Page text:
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Tuesday, April 15, 2008

Accenture Consumer Broadcast Study – make sure you download


The report gives the key findings from the Accenture Broadcast Consumer Survey 2008 and contains lots of nice graphs showing how people of different ages and nationalities respond to the changes taking place in the TV broadcasting (whatever that is).

The above chart gives a hint to the report’s conclusions. This is an extract.

The message is clear: watch the youth — they are the leading indicator, and the wave is coming. Our research reveals many correlations between consumers’ age and their attitudes and behaviour about new viewing options. These findings suggest that changes in behaviour will accelerate as these young consumers gain greater spending- power over time. For instance, compared to older consumers — and especially those over 55 — the under- 25 set is:

• Less likely to say they are satisfied with current television options;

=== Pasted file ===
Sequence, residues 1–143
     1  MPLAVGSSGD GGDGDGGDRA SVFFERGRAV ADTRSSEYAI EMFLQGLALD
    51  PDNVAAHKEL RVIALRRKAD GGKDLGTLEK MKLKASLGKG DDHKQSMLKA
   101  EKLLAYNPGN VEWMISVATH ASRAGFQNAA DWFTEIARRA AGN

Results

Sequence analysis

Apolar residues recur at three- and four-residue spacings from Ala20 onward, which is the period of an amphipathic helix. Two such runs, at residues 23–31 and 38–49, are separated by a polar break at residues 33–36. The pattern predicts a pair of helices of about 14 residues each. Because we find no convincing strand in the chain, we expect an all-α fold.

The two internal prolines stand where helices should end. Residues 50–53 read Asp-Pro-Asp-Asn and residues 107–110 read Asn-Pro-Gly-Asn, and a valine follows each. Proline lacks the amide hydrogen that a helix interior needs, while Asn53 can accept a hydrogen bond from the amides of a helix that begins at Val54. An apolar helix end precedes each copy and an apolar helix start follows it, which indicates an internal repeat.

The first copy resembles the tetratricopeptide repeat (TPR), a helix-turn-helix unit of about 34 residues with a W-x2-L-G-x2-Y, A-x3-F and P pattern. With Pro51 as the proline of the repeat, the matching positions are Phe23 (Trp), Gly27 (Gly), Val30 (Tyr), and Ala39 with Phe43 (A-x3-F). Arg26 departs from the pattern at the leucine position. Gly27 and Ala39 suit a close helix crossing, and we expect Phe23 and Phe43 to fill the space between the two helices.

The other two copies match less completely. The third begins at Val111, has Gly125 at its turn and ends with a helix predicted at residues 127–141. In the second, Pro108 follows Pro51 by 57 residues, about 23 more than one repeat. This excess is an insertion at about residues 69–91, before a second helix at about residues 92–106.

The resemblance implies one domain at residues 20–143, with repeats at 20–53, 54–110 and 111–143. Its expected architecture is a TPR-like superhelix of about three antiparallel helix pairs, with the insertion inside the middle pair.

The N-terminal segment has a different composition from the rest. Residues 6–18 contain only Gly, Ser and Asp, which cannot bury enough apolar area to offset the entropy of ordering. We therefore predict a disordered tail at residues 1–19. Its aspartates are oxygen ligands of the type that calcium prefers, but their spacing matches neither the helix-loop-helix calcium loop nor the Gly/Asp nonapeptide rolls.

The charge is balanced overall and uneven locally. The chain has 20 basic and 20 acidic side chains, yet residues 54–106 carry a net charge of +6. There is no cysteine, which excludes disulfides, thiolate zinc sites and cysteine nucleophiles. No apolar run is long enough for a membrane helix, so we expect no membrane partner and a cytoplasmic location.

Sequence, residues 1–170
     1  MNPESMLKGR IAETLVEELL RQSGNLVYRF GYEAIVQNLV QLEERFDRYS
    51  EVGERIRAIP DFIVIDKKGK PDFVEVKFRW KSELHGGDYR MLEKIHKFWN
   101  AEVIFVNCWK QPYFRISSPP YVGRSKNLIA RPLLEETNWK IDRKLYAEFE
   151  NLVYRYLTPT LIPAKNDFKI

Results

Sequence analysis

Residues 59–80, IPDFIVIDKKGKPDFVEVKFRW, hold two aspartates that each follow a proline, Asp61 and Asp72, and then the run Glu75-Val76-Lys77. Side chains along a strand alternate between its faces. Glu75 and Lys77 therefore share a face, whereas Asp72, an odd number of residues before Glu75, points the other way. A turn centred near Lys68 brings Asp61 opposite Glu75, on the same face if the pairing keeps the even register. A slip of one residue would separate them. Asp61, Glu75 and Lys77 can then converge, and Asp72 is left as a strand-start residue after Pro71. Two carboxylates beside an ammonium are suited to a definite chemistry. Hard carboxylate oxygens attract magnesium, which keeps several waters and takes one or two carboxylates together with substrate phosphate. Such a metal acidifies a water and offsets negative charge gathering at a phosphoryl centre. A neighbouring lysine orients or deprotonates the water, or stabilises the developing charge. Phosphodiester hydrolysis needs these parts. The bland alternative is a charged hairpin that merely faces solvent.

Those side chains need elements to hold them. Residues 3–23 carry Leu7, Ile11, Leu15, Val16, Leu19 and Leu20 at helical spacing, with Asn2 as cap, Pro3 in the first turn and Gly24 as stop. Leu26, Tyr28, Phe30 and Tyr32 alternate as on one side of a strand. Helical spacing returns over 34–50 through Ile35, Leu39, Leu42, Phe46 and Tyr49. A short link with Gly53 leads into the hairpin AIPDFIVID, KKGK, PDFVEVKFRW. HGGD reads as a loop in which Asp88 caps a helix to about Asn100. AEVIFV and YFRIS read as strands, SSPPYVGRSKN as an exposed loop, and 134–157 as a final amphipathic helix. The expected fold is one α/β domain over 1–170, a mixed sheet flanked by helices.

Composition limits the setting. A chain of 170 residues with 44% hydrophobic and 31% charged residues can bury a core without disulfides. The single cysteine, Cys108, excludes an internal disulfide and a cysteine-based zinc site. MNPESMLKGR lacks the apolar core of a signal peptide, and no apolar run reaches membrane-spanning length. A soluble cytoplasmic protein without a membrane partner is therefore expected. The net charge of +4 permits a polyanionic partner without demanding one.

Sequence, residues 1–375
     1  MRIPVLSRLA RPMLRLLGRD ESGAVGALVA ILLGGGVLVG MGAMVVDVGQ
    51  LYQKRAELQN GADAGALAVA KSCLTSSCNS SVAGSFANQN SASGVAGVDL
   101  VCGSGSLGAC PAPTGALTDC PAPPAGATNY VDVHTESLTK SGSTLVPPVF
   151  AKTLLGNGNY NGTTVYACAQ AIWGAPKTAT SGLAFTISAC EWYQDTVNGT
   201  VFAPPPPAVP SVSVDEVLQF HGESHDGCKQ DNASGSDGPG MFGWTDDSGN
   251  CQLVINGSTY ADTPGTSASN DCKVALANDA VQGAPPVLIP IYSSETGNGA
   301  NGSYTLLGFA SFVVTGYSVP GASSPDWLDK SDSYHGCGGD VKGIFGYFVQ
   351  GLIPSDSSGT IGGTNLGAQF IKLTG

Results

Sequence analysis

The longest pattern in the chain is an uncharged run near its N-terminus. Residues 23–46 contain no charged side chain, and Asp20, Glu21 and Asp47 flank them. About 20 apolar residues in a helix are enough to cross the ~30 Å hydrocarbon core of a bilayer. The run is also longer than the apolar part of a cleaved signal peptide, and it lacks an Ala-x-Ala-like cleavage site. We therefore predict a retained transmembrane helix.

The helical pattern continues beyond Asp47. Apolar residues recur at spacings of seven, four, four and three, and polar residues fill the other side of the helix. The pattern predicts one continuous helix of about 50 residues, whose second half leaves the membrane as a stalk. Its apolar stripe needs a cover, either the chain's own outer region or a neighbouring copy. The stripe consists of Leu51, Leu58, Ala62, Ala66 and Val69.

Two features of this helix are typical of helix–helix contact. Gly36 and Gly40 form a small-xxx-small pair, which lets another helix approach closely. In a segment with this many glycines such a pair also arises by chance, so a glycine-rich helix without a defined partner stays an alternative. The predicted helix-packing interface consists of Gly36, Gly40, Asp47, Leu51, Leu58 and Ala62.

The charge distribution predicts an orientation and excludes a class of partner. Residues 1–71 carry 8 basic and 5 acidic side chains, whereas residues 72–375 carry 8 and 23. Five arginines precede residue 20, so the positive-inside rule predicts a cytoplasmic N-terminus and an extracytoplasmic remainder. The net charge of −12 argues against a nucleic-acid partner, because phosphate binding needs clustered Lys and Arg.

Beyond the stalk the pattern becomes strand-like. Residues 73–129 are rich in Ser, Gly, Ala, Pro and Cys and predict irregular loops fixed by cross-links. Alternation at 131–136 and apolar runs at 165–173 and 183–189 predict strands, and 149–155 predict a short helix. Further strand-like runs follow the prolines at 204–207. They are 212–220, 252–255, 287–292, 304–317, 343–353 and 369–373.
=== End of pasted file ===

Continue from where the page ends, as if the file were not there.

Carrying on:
• More likely to watch content on alternative devices;

• More likely to be familiar with on-demand TV, and to prefer watching content on demand; and • More willing to ‘pay’ to download content, whether by paying money or agreeing to watch advertisements.
If you believe the findings of this report then the future looks to be one where the 50-plus are glued to the TV in the corner of the room (maybe with pipe and slippers) whilst their children and grandkids are paying for the latest edition of their favourite programme, viewing it on their mobile phone whilst catching a bus.

Maybe, maybe not. Dick Stroud

1 comment:

Martijn de Haas said...

It is mind boggling that a smart and large firm like Accenture would come to these conclusions. Don't they have parents that are proving the opposite already?
I don't even have to look at our own research to draw other conclusions.

In the Netherlands the focus of the television viewer count is on the so called 'shoppers'. These are the people between 20 and 49 years old that take care of the daily groceries. The 50+ do not seem to be as interesting and that's why probably less is known about them.